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ABA Votes to Keep Tenure Requirements in Accreditation Rules
Law schools will still be required to protect tenure for full-time faculty members if they wish to be accredited, according to The National Law Journal. A vote was held this past weekend by the American Bar Association’s Council of the Section of Legal Education and Admissions to the Bar.
An earlier decision was made by a majority of the members of the section to get rid of the tenure requirement and instead add a “security of position” system. This would have given law schools added flexibility and better job protections for various types of faculty members. The current rules provide doctrinal faculty members better job protection than legal writing instructors and clinicians.
“It’s an imperfect standard, but the attempts to change it would have been far worse. It would have been a race to the bottom,” said Kate Kruse, president of the Clinical Legal Education Association and the director of clinics at Hamline University School of Law.
The vote occurred during a two-day meeting held in San Diego by the council as it wraps up its six-year review of the ABA’s accreditation rules. A boost in practical-skills credit minimum was voted for by the council along with keeping the bar-passage requirement the same. The council also voted in approval of students receiving pay and credit for externships.
The chairman of the council, Chief Judge of the U.S. District Court for the Northern District of Ohio, Solomon Oliver Jr., said, “The comments we received were overwhelmingly in favor of keeping some form of tenure system. Those comments came from throughout the law school teaching profession, and from people who are very well known with the profession. On the other side, we did not receive a large number of submissions in support of either of the proposals we put forth.”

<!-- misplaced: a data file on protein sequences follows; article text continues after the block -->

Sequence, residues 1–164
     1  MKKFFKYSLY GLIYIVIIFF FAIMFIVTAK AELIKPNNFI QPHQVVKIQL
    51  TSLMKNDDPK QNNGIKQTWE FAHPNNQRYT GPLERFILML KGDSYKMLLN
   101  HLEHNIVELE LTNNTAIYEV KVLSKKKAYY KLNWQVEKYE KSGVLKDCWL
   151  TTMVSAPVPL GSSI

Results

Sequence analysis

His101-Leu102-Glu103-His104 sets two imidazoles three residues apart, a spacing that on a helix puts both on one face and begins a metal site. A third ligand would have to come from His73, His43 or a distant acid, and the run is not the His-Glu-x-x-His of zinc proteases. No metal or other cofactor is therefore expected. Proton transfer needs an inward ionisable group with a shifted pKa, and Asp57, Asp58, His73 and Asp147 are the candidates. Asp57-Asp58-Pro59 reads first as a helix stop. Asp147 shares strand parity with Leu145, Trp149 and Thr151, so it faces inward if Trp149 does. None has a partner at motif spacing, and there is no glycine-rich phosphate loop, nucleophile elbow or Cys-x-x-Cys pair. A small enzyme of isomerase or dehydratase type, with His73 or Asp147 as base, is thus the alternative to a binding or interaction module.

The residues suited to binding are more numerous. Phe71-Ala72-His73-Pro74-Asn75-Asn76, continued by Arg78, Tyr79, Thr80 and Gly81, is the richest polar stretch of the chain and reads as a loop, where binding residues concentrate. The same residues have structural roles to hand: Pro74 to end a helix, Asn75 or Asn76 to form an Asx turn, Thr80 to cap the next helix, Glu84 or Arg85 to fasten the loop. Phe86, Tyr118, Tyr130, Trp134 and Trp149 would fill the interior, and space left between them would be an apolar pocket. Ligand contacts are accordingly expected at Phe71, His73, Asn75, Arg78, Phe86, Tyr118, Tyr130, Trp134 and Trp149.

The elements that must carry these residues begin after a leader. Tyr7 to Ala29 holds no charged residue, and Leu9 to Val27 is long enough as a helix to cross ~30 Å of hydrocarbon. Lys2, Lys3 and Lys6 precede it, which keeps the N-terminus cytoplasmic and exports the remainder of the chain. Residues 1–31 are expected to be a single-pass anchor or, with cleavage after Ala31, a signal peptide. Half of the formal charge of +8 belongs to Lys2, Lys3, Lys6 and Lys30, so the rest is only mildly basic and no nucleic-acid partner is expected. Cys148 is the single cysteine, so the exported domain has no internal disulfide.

David Yellen, the Loyola University Chicago School of Law dean, said that the ABA should not require tenure even though he supports it.
“It’s not surprising, given that the overwhelming majority of law professors around the country are opposed to the change,” Yellen said in regards to the decision of the council. “It was always the likely outcome that the council would accede to those demands. I recognize that they aren’t writing on a clean slate, and taking away those expectations of tenure is extremely difficult.”
One group that wants tenure to remain a requirement of the ABA is that of the Association of American Law Schools.
“I’m very pleased that the council listened to those of us who urged them not to adopt either of those proposals, which I thought were seriously flawed,” association executive director Judith Areen said. “Tenure is not a perk for law faculty. It’s a protection for people who think it’s important to innovate in law schools. You need to feel comfortable in order to be able to try new things.”
Paralegal job openings are out there if you know where to find them. Click here to find them.ABA Votes to Keep Tenure Requirements in Accreditation Rules by Jim Vassallo